On the first day, once he was awake and dressed, he went upstairs to breakfast and to greet his team already there. He had long had a speech ready for this occasion – something along the lines of all being in it together, and fighting the good fight whatever was thrown at them. As he already knew all of these men, and as they only accounted for a quarter of those he now commanded, it didn’t seem appropriate now. He visited the other three trailers, to greet the troops he already knew and to introduce himself to those he hadn’t yet met.
He spent a bit longer with this last group, trying to remember their names, which he had never been particularly good at.
His new sergeant major impressed him. Sergeant Major John Smith was tall – about 6’2″ – and immensely wide. It wasn’t fat either – you could tell this just by looking at him. Andrew supposed that the sergeant major must spend a lot of time working out, but he must also surely have been born to be built like that? It wasn’t just his build that was impressive either. His eyes told a story that would probably go long and deep. Reading his file Andrew wasn’t surprised to learn that the sergeant major had been in some pretty serious situations, not just in the Werlder Force but before that in the American forces in Afghanistan and Iraq. No doubt he and Sergeant Flynn would have much to talk about.
He had decided to leave the sleeping arrangements as they were. The sergeant major and Sergeant Flynn were billeted with the rest of the untried troops, while Sergeant Johanssen was with the more experienced team. He would develop a bit more team understanding by swapping about who he was dining with each night.
He discussed these thoughts with the sergeant major, who thought about it for a few seconds before nodding his agreement that this was probably a good arrangement. Andrew thought that he’d probably be asking the Sergeant Major’s opinion of a lot of things. ‘Still,’ he thought, ‘that’s why they put us new lieutenants with the experienced sergeant majors – to learn from them.’
At his briefing on that first day he finally learned for sure what their mission was.
Stop the drug lords smuggling, was the main thrust of it. A secondary goal was to secure any cocaine that was passing through to send to the various countries it was intended for anyway. At first, this didn’t make sense to Andrew, until the C.O. explained that many of the countries that were members of the World Alliance were going to decriminalise its use, and give out free to addicts. To do this, they needed a supply, and Andrew was part of the team that would provide it. By decriminalising the use of drugs, and making them available for free, it was hoped that users would commit less crime to pay the habits, so the costs would pretty much balance each other out.
At the same time, harsher penalties for dealers and smugglers, and the collapse of the market for their wares because users could obtain the same thing for free and legally from the governments bringing in this scheme, would, it was hoped, signal the end of this illegal trade and of the networks that had been supplying them up till now. It seemed a bit simplistic to Andrew, but on the other hand they had tried the ‘Just Say No’ campaign and keeping it illegal for many years, but that obviously wasn’t working. Maybe this new approach would.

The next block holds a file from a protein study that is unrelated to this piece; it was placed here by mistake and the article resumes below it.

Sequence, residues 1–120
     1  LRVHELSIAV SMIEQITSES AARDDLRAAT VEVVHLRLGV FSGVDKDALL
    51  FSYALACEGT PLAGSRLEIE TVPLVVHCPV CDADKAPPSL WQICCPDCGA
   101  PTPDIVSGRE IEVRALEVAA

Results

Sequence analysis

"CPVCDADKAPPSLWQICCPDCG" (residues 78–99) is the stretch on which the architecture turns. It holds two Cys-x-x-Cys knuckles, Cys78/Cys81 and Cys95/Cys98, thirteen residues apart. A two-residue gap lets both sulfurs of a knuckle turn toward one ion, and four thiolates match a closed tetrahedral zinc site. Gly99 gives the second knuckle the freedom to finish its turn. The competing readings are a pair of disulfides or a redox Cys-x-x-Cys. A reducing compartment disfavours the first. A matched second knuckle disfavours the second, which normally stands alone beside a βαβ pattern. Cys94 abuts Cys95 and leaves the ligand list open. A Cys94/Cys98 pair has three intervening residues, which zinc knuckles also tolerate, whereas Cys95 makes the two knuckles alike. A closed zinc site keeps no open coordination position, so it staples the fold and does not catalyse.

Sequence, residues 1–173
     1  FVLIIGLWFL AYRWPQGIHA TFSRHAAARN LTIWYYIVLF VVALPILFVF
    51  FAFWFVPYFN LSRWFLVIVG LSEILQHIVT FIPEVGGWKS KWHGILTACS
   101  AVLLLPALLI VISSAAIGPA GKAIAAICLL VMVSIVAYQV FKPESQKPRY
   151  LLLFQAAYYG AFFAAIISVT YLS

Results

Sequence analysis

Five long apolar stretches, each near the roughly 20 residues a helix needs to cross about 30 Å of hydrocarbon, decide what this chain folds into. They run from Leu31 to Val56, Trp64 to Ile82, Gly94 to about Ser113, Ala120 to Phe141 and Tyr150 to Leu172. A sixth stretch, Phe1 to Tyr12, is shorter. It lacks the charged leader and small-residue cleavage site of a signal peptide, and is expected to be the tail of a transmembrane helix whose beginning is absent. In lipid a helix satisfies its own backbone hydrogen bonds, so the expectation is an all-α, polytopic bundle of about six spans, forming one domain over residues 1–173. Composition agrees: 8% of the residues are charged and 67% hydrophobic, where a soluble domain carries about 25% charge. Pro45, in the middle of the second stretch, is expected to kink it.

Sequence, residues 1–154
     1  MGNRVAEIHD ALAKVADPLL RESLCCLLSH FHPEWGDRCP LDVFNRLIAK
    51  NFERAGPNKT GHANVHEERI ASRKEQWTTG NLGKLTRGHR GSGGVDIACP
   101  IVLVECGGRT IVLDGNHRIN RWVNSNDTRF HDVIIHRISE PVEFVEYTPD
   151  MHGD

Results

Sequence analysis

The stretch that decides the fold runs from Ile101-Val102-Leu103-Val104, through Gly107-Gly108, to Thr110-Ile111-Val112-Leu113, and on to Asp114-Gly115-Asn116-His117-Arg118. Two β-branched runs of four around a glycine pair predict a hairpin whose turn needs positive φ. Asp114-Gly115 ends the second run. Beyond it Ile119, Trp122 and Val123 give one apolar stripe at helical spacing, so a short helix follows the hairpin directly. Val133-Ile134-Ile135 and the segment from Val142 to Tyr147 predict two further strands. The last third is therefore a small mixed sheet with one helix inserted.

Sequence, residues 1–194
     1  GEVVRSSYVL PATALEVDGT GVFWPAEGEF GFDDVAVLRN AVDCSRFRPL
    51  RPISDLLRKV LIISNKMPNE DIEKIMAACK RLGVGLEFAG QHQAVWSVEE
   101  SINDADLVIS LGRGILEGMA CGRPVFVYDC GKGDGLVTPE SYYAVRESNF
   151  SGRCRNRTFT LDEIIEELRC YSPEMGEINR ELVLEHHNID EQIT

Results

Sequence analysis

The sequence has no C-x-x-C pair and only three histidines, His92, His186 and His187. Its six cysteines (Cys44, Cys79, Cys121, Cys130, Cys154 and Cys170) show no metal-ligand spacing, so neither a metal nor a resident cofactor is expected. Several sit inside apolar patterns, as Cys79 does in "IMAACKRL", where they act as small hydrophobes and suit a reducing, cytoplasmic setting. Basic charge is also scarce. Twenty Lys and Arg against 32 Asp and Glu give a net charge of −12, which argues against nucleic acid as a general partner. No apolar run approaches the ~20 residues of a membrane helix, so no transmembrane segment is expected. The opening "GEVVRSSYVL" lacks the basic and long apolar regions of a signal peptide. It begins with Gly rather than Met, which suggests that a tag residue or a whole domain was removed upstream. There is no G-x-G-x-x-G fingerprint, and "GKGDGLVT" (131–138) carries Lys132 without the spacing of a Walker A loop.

Andrew would be part of the team that would detect traffickers crossing the border and intercept them. By ‘intercept’ the colonel made it pretty clear he meant ‘kill’.
“The carriers themselves probably don’t work for the drug lords,” he explained, “except that they’re forced to carry the drugs across. We’ll capture them, and their mules, so that they can’t be used again. The men ‘protecting’ them are our main target. Without these men, the drug lords will have no power back at their bases. The Venezuelan government has agreed to make it a criminal offence to carry or use any kind of gun, and we are kind of drafted into their police force, so we have all the rights we need to fire on anyone we see who is carrying.”
The plan was simple: monitor the trails into the country for any traffickers; stop these traffickers and take the drugs they might be carrying; send the drugs, and any ‘unwilling’ participants, back to base. The drugs would be sent to the various members of the Alliance who were giving them out for free, and the participants jailed for the time being – after a hearing of course, but that would be pretty perfunctory. If they were with people trafficking drugs they were deemed guilty – simple as that. It seemed quite harsh at first, but then Andrew thought of the hundreds of users who might otherwise die and his sympathies lessened.
Once they had been briefed their first task was to map the trails as they existed already. This would also give them the chance to spy out any good ambush sites and to get a feel for the type of terrain they’d be operating in.
Andrew spent the first couple of days getting his company acquainted with their new surroundings. They had been assigned to a stretch of jungle much like any other and would join with another company – Delta – under one of the new captains. He was French, by the name of Jeanne Kergoat. He wasn’t much older than Andrew – 28 or 29 probably. He had qualified five years ago as a lieutenant and earned his promotion mainly through his fighting skills against the Taliban. There weren’t many ‘Francers’ in the Werlder Force. In fact, Captain Kergoat was the first Andrew had come across. He supposed at first that maybe they were a nation that didn’t like fighting much, then thought of Napoleon and all that he had achieved and thought better of it. Napoleon’s tactics during some of his campaigns were still being taught in the Academy today, even though weapons had come a long way since Napoleon’s time.
There were few big armies left to fight – the Chinese and the North Koreans really. If China joined the Alliance it was rumoured that there’d be a moratorium on recruitment. Theirs was a big army to choose the best from to fill any vacancies, and besides the Werlder Force could be that much smaller. North Korea was different. If China joined the Alliance, ‘when’ was probably a better term, the North Koreans would lose their last remaining trading partner. Andrew doubted they’d join the Alliance willingly themselves. The ideologues in charge had things too good to consider that, even under the current restrictions on what they could and couldn’t import. He supposed they’d have to be dealt with eventually. Either they would get fed up with the state of affairs and attack the Alliance, or the Alliance would tire of having that particular thorn in its side and take them out once and for all. Andrew wasn’t sure that would work. Some nations had already tried that once, back in the mid 20th century, and hadn’t been successful. The Koreans were a stubborn race, and very difficult to defeat entirely. How the Werlder Force was expected to face a rumoured army of a million men, Andrew wasn’t quite sure. A matter best left to the politicians probably, though he himself would no doubt be caught up in any fighting, if it kicked off while he was still in the Force.